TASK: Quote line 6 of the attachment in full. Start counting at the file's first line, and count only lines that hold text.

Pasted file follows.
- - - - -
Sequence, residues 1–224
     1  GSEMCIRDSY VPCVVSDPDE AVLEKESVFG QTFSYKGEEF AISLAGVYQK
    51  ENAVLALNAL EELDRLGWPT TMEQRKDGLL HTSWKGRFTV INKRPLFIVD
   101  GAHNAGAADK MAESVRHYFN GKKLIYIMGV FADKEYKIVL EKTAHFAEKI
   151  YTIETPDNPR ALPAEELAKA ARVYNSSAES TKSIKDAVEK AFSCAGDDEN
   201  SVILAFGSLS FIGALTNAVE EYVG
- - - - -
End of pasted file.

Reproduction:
   201  SVILAFGSLS FIGALTNAVE EYVG